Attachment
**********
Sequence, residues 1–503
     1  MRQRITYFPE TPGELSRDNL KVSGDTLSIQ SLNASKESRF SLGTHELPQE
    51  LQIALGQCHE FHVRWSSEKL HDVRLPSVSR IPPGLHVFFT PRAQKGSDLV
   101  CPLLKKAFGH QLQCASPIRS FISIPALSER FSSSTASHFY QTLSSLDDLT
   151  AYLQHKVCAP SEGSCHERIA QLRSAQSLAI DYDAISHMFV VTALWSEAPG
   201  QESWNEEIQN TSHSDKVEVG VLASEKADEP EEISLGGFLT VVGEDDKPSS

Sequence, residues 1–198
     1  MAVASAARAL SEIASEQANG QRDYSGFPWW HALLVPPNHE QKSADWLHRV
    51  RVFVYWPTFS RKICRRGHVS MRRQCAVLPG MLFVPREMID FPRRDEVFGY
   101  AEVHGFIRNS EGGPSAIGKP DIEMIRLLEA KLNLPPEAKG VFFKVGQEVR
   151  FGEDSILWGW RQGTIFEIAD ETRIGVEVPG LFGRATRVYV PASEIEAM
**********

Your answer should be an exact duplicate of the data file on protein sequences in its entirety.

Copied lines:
Sequence, residues 1–503
     1  MRQRITYFPE TPGELSRDNL KVSGDTLSIQ SLNASKESRF SLGTHELPQE
    51  LQIALGQCHE FHVRWSSEKL HDVRLPSVSR IPPGLHVFFT PRAQKGSDLV
   101  CPLLKKAFGH QLQCASPIRS FISIPALSER FSSSTASHFY QTLSSLDDLT
   151  AYLQHKVCAP SEGSCHERIA QLRSAQSLAI DYDAISHMFV VTALWSEAPG
   201  QESWNEEIQN TSHSDKVEVG VLASEKADEP EEISLGGFLT VVGEDDKPSS

Sequence, residues 1–198
     1  MAVASAARAL SEIASEQANG QRDYSGFPWW HALLVPPNHE QKSADWLHRV
    51  RVFVYWPTFS RKICRRGHVS MRRQCAVLPG MLFVPREMID FPRRDEVFGY
   101  AEVHGFIRNS EGGPSAIGKP DIEMIRLLEA KLNLPPEAKG VFFKVGQEVR
   151  FGEDSILWGW RQGTIFEIAD ETRIGVEVPG LFGRATRVYV PASEIEAM